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Old 08-05-2011, 06:48 AM   #29
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JimVonBaden's Avatar
Joined: Feb 2005
Location: Alexandria, VA
Oddometer: 53,341
Originally Posted by davegaz View Post
This is an unusual application of a pipe thread. As you know, pipe threads are tapered and as you tighten the joint the threads pull the tapers together forming the seal. The wedging action is what creates the high stress in the female collar. What's wierd is that the fitting tightens down all the way to where the hex "nut" face contacts the flange collar. A typical pipe thread joint will leave one or more exposed male threads. This ensures that the tapers are properly loaded and NOT the nut face. You don't want both.

By adding a washer, but you will lose the seal provided by the taper. You'll be relying on a thick layer of thread sealant. May work ok.

Like someone mentioned above, a straight thread with an o-ring would have been better.

The bigger issue may be the continued material degradation over time. The loads and stress on your flange haven't changed, but the cracks extended. This may be a warning sign, i.e., leak before break.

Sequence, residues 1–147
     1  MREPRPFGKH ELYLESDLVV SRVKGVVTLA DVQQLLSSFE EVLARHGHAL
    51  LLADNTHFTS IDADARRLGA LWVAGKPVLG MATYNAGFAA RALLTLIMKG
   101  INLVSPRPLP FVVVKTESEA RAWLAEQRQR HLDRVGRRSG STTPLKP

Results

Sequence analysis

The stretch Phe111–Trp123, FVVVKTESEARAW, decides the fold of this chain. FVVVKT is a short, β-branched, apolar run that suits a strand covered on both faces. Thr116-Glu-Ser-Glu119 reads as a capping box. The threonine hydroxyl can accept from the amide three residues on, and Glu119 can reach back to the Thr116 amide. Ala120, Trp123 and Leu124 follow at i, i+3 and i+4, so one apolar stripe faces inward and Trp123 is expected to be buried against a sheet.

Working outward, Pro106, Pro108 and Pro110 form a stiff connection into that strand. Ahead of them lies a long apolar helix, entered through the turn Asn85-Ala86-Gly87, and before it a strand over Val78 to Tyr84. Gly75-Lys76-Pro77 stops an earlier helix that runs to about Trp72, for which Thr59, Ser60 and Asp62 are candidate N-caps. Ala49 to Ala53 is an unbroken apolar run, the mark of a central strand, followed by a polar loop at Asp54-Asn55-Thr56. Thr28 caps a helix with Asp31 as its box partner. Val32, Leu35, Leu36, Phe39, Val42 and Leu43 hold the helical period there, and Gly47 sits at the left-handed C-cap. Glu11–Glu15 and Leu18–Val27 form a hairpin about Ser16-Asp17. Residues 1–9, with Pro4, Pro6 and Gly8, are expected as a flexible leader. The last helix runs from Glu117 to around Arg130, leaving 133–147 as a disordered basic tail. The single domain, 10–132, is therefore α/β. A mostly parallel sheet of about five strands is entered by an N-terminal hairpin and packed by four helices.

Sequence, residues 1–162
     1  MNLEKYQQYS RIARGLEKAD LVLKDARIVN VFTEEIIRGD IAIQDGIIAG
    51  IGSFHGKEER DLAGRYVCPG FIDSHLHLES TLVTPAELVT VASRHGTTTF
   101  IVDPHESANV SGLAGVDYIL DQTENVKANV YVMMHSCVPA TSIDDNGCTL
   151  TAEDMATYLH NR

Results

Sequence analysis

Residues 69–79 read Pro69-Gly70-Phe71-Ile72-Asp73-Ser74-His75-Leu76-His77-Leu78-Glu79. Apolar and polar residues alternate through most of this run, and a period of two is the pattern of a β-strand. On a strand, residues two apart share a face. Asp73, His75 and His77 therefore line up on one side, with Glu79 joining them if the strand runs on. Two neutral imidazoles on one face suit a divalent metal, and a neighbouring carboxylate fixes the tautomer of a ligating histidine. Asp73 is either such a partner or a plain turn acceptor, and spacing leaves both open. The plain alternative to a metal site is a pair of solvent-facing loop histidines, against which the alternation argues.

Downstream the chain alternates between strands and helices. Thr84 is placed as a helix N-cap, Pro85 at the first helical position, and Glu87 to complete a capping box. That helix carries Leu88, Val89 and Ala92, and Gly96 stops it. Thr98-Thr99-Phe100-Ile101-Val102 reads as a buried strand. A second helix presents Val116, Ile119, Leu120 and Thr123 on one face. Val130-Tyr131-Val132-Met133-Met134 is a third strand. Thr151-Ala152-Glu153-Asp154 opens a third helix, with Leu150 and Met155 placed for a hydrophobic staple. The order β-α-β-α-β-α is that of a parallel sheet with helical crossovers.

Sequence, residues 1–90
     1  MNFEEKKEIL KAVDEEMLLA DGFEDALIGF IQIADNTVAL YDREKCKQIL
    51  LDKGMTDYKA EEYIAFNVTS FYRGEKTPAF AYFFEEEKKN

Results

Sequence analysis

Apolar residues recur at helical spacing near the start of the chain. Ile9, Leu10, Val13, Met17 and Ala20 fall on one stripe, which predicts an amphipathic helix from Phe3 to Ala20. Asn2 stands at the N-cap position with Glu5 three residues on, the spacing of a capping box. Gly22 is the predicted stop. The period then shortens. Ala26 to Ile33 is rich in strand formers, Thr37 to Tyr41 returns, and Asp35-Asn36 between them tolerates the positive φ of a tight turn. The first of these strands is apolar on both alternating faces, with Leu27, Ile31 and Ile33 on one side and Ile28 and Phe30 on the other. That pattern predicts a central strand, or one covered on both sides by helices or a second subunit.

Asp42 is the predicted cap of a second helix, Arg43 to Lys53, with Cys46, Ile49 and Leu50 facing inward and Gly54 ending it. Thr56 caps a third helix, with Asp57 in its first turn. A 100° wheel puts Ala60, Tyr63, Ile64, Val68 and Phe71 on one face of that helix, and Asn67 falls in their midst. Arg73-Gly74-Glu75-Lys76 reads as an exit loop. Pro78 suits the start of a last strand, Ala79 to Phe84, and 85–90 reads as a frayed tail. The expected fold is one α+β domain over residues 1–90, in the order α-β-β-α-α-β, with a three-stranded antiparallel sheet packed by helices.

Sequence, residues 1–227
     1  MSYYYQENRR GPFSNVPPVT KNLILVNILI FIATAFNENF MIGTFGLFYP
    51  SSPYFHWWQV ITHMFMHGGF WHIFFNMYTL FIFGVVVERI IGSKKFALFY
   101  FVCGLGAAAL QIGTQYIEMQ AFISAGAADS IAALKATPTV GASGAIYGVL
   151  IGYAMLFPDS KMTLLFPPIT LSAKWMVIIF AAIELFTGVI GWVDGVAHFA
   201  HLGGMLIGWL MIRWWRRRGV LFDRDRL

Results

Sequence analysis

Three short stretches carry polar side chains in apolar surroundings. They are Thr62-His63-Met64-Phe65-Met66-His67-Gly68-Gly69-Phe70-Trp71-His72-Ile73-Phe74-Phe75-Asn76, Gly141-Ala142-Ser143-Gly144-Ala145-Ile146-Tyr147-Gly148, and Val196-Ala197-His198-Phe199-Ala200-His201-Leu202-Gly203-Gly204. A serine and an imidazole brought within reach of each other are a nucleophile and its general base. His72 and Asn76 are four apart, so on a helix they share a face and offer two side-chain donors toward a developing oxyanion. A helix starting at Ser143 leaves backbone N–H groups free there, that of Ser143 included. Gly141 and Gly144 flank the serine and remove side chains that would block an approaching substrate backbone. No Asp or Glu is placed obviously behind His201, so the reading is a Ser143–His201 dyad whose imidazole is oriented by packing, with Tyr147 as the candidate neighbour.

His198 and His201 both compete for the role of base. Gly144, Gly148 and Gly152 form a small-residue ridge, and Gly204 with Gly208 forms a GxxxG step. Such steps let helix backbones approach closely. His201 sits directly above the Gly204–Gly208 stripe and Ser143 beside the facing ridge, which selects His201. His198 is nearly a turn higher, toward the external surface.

I agree, and this is why I think a collar around the flange might be the best route to follow. I am not crazy about using sealant to hold back 40+ psi.

Like the one on the right, with little or no lip to get in the way of the sealing edge.

I considered an O-ring, but there is no good way to make it work as is. The washer in installed puts the pressure on the top of the flange, and forces the thread tape to be the seal. It is working, but I do not know for how long as this is not the way it was designed.

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